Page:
And there is growing concern over the failure to date of Holyrood to allow a “grace period” for the sale of one home and the purchase of another, exposing “accidental” second home owners to the 3 per cent L&BTT surcharge. Osborne last week signalled a 36-month grace period for England and Wales. John Swinney now needs to follow suit.

Now much of this could be said to be an inevitable by-product of devolution and of a more politicised age. Governments take every opportunity to flex their tax muscles and grandstand on their activist programmes. Indeed, two of Osborne’s latest four Budgets – that in March 2015 ahead of the May UK general election and last week’s Budget ahead of the EU referendum on 23 June – were strongly coloured by political considerations.

But it is not just the frequency of Budgets but their content and length that is daunting. Last week’s Budget contained no fewer than 77 measures. And the reach of chancellors into areas of policy that are not strictly within the bailiwick of the Treasury is being constantly extended.

The chancellorship of George Osborne was supposed to mark a break from the obsessive micro-tinkering of the Gordon Brown era. But last week’s offering marked an extension of the already overlong reach of HM Treasury. It included details of how the £530 million raised from the new tax on sugary drinks was to be spent, together with the proceeds of the 5 per cent tax on sanitary products (the “tampon tax”) – two examples of pre-assigning the proceeds of a tax, or “hypothecation”, to which we have been told for decades the Treasury was vigorously opposed.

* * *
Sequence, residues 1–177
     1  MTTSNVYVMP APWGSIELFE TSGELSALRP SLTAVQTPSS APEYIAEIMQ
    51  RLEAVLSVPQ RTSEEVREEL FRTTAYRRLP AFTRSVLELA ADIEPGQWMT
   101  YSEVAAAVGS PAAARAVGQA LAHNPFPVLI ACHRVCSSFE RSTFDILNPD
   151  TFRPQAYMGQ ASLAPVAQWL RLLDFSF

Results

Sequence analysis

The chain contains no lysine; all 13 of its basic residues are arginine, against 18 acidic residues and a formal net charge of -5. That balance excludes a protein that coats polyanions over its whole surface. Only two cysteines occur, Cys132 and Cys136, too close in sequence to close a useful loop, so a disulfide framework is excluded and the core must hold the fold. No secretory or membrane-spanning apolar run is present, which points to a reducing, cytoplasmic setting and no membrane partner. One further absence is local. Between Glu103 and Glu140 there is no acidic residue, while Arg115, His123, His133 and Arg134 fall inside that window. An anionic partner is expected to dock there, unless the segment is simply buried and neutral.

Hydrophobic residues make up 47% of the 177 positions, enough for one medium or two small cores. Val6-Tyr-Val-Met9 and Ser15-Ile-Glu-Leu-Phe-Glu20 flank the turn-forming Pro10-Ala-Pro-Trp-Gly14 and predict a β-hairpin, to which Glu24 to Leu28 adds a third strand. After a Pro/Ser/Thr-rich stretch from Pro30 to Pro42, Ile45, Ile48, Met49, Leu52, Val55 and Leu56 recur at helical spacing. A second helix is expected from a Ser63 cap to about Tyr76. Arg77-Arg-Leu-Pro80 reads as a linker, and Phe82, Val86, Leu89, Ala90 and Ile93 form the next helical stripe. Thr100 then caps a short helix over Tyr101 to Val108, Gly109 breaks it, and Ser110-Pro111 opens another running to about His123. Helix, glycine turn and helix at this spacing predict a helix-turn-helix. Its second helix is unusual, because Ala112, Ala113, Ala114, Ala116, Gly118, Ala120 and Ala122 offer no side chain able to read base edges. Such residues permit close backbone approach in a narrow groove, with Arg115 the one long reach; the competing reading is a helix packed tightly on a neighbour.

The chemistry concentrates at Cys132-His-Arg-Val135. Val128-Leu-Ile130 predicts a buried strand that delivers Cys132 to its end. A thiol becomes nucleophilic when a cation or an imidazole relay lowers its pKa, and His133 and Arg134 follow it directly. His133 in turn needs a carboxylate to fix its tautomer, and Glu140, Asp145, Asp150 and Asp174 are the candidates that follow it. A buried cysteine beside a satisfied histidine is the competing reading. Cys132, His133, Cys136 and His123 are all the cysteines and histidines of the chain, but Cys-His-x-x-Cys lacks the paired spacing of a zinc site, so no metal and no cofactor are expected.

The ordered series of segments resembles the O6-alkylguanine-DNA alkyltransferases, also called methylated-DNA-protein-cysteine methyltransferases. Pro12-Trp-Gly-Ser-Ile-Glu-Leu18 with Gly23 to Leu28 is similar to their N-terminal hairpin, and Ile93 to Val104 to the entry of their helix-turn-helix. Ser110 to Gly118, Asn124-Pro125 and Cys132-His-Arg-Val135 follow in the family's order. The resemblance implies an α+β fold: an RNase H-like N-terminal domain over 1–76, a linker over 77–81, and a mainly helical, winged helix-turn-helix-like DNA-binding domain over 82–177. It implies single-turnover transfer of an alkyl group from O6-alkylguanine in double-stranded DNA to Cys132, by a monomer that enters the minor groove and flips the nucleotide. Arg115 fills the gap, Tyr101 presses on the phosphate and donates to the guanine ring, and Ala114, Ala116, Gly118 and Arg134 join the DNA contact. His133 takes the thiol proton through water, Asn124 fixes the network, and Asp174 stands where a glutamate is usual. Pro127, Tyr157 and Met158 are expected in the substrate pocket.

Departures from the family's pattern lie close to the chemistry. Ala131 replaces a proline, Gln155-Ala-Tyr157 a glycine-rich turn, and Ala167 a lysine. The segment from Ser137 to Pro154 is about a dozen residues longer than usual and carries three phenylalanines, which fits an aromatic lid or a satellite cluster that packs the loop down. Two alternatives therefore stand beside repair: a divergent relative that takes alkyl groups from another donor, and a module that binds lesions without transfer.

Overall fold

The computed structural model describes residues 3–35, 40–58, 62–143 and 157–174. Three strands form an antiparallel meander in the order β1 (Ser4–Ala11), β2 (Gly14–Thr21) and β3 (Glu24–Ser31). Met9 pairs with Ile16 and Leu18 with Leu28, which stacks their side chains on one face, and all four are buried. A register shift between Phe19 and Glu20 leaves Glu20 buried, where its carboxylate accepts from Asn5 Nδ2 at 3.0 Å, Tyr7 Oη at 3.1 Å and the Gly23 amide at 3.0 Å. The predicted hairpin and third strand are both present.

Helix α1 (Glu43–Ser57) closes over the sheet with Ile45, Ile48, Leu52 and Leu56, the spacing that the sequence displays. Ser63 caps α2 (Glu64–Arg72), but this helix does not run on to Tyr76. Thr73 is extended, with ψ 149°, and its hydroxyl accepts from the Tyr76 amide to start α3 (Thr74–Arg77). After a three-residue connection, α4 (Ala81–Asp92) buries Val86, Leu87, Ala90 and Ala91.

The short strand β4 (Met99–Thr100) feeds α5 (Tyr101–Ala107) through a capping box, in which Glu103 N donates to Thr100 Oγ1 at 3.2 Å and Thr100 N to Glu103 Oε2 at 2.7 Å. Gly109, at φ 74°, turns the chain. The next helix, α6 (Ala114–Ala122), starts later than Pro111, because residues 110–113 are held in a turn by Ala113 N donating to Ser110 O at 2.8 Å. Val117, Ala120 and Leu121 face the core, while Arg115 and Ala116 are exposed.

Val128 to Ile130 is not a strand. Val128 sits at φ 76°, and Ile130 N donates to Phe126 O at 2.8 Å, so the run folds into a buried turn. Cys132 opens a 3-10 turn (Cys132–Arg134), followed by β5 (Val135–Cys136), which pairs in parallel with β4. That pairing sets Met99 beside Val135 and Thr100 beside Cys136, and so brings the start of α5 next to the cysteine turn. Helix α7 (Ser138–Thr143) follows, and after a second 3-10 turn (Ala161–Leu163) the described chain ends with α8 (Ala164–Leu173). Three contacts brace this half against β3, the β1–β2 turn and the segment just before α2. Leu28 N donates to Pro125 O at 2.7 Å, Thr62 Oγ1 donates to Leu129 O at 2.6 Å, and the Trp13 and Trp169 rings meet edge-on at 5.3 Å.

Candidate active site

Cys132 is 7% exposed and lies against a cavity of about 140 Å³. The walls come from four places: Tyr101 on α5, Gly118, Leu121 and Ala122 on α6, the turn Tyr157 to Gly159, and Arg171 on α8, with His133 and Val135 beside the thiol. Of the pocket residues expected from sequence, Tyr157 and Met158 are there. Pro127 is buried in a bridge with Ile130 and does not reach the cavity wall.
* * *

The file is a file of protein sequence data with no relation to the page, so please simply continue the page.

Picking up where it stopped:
The Budget speech crammed in all manner of extraneous detail – for example on “the treatment of free plays from remote gaming providers”; new elected mayors in English counties and a West of England Mayoral Authority”. What has all this to do with the Budget? These are matters that surely should have been left to the Local Government and Communities minister to announce.

We were told of the “Thames Estuary Growth Commission”, and new powers for Greater Lincolnshire; cultural infrastructure projects from Truro to Hull; a new Shakespeare North theatre and an extra £20m for the Cathedral Repairs Fund.

Desirable though these announcements may be, they have a tangential relationship at best with the overall stewardship of the UK public finances and smack of Treasury grandstanding.

What further highlights their strange inclusion in the speech was the lamentable lack of detail on how exactly an increase in the budget deficit in the period ahead is to morph into a budget surplus in 2019-20. Indeed the budget surplus for that year is not only restated but is fractionally raised – from £10.1 billion to £10.4bn – a degree of micro projection four years out that would have drawn derisory howls had Gordon Brown announced it.

So a major mystery of this Budget remains – how an increase in the budget deficit in the years 2017-18 and 2018-19 together totalling an additional £30bn – becomes a surplus a year later. Little wonder the Institute for Fiscal Studies has raised searching questions on this forecast without further recourse to further spending cuts or tax rises. As if we haven’t got tax misery enough here in Scotland.